While it might have been possible for a Republican to have won this election, given all the negatives of an unpopular lame-duck incumbent of the same party, and the hagiographic media coverage awarded to Obama, McCain as a candidate and his unbelievably inept campaign were not the way. As Forrest Gump said, “Stupid is as stupid does,” and we now have the less than gallant commentary of certain McCain campaign officials suggesting that Sarah Palin lost it for them.
Palin may have her faults, but no one can seriously argue that she hurt the campaign. She energized it, but she was not enough. McCain never took on the Democrats’ many foibles, including the fact that they were primarily the ones behind the financial meltdown, and that Obama was one of the biggest recipients of Fannie Mae campaign cash. Never mind that the vast majority of McCain’s positions were essentially indistinguishable from garden variety liberalism, or that he seemed to be attacking his would-be supporters—including the Swift-Boaters and aggressive state Republican organizations that wanted to really take on Obama.
In fact, I will probably think even less of McCain if he doesn’t quickly defend his running mate from the brickbats of his own campaign staff. But, don’t hold your breath.
I knew that McCain had lost the day he decided to “suspend” his campaign during the vote on the bailout. This would have made good sense if he had come to Washington to rally the troops—and there were many—against the bill, but he did no such thing. What a great opportunity to distance himself from Bush! Instead, he went against the will of more than 90% of the electorate, and voted for it, just like Obama. A more stupid campaign move can scarcely be conceived. Some maverick.
So, what do the next four or eight years have in store for us?
Certain pundits on the Right are painting a doomsday scenario, whereby Obama will use every trick in the book to set forth a socialist agenda. They believe that with a combination of the Fairness Doctrine, a series of Executive Orders, and numbers in both houses of Congress sufficient to pass whatever they like (except for filibustering in the Senate), the country could change considerably. Moreover, they argue that Obama can pull a 1936 FDR-like move in which he would stress that he needs more time (another term) to get his plans going.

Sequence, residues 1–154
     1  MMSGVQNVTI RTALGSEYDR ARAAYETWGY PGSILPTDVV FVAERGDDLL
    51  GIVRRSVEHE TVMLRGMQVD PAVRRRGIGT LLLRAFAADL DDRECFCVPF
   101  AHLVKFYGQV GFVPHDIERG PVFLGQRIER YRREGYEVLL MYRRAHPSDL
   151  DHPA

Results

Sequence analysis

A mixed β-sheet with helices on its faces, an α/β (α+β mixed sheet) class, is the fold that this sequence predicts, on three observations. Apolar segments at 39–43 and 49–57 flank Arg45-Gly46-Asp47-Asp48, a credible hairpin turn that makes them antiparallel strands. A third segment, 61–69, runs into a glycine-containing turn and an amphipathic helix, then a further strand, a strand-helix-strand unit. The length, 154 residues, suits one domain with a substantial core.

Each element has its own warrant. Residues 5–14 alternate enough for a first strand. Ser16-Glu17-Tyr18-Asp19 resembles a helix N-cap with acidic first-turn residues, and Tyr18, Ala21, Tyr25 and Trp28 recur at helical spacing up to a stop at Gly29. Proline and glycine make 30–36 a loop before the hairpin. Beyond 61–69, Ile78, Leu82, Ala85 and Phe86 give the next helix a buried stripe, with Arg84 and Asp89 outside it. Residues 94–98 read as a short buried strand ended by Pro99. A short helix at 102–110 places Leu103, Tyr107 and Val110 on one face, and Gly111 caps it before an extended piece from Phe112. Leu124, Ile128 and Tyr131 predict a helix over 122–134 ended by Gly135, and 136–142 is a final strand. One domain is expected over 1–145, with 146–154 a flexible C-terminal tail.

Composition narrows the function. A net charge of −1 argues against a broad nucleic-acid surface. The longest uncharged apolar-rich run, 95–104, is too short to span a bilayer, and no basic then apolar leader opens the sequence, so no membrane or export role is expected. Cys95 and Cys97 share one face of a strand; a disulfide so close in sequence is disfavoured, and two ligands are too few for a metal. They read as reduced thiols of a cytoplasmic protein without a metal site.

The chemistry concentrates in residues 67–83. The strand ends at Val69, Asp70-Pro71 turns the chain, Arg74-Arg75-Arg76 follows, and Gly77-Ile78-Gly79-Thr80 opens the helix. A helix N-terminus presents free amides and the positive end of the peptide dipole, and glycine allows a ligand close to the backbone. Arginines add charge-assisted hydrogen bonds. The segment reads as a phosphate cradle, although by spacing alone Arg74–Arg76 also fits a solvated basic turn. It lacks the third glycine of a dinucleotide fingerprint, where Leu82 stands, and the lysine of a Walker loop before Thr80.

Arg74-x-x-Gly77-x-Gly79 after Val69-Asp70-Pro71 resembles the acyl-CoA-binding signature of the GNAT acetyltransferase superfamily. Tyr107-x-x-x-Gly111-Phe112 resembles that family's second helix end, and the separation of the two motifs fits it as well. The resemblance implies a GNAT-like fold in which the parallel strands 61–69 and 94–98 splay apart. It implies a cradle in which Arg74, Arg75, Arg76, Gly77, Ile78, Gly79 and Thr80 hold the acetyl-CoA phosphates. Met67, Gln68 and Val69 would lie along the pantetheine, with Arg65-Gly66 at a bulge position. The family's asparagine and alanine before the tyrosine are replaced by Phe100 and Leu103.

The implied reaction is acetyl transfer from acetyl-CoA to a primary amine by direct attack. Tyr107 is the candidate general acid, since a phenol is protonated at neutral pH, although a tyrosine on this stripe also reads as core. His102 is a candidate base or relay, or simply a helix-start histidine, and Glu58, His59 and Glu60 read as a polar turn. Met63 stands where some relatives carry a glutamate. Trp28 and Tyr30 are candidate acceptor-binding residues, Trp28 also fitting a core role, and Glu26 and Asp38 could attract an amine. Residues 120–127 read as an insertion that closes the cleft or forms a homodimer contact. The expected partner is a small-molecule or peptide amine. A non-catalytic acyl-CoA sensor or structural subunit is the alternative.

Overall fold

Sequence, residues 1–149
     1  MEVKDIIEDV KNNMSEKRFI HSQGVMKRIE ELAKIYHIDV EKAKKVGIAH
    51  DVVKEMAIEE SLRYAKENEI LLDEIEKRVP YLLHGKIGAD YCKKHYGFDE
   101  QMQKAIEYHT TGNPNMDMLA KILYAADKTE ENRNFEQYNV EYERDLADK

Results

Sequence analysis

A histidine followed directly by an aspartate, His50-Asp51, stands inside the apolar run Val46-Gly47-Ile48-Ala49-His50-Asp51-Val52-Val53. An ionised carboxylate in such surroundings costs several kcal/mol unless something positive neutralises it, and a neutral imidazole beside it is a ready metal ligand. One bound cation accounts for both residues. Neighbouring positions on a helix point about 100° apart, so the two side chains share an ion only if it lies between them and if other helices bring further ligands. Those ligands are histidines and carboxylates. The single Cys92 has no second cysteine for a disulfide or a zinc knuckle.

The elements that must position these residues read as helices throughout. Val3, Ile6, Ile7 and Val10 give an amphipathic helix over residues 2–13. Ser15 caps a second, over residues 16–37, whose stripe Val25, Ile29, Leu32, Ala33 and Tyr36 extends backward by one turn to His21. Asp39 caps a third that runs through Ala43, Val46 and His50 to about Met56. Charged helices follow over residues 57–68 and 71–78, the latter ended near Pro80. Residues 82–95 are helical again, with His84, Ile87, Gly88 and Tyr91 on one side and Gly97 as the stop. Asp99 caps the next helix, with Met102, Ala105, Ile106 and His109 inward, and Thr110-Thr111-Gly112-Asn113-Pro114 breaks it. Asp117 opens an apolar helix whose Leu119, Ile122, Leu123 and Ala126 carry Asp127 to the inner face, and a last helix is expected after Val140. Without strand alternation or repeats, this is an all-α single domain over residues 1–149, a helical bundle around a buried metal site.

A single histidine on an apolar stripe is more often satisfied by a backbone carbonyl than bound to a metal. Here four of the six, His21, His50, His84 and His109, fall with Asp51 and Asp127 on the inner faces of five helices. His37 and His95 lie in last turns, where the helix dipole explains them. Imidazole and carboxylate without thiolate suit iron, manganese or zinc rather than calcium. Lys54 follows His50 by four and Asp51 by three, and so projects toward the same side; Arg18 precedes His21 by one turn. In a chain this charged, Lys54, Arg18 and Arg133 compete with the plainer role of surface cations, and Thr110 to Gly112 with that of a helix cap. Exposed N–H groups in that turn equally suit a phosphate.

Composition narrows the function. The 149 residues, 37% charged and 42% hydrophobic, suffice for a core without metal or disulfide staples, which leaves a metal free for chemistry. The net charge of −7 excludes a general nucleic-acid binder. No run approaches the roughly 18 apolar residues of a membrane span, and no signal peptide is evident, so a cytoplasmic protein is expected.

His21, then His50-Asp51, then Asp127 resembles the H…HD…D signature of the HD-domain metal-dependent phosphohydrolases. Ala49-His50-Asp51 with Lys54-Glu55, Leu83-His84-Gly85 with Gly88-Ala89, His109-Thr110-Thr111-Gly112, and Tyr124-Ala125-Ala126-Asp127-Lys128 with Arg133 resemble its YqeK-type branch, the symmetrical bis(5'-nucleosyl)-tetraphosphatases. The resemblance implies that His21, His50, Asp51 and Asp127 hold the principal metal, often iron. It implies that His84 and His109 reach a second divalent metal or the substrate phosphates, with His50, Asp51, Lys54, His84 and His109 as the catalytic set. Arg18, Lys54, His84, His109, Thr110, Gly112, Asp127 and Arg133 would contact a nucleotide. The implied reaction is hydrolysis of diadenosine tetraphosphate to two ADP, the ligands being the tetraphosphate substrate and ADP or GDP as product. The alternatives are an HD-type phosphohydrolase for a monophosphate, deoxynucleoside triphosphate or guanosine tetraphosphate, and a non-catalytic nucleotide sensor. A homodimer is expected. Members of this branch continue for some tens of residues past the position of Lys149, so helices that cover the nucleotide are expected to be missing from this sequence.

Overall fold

In the 1936 election, some of FDR’s programs such as unemployment insurance and Social Security were quite popular, even if the Republicans were correct in condemning Social Security. FDR would defeat Republican Alf Landon (another poor campaigner) in a landslide. It would not be until the 1940 election that FDR’s policies would be exposed and understood by most people to have been an abject failure. Had the election not occurred under the shadow of the war in Europe, FDR would probably have lost to Wendell Willkie.
OK, the doomsayers can cite an interesting analogy, but I don’t think it applies to our era. For one thing, voters these days would have no qualms abandoning a current administration or party in the midst of a war, let alone the winds of war blowing elsewhere. For another, people are far less patient, and would not easily grant Obama another term if his remedies were not already working.
Even if he and the Congress want to pass all sorts of socialist legislation, there is the little problem of no money and a huge deficit. Then there’s the matter of trying to pass tax increases in a down economy. Democrat or not, members of Congress have to get reelected every two years, and selling a tax increase to people already scraping to get by will be extremely difficult.
Finally, we have seen that the elite media can turn on a dime. At the beginning of the primary season they were all for Hillary Clinton, and then virtually overnight changed to Obama. In fact, the Republicans can take advantage of the fickle media by criticizing everything Obama tries to do, and when some of his efforts fail, their attitudes could suddenly get traction.
Obama’s fatal mistake could have been setting expectations way too high. When he is unable to deliver, watch the press honeymoon go up in smoke.